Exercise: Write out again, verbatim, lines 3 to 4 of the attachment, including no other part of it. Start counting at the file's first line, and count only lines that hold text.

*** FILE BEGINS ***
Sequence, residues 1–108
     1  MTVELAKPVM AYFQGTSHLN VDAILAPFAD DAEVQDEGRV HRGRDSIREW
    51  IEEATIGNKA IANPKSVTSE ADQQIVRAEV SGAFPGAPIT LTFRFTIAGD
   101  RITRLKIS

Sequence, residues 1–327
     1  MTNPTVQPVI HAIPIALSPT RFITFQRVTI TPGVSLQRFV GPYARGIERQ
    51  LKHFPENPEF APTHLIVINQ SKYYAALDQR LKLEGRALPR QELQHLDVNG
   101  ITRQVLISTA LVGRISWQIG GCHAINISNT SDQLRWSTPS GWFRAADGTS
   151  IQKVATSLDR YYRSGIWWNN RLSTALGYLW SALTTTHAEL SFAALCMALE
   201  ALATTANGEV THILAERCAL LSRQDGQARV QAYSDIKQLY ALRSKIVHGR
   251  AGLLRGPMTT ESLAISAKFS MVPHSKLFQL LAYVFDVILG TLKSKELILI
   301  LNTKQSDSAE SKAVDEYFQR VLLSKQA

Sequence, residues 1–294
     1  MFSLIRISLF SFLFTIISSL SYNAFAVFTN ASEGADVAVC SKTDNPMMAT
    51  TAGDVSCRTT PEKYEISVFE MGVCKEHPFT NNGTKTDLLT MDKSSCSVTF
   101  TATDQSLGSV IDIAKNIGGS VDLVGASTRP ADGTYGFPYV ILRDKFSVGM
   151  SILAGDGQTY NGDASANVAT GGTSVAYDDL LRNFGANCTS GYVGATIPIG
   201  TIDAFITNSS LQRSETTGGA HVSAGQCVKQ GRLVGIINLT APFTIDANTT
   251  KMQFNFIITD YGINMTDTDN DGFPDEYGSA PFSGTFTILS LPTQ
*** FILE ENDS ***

    51  IEEATIGNKA IANPKSVTSE ADQQIVRAEV SGAFPGAPIT LTFRFTIAGD
   101  RITRLKIS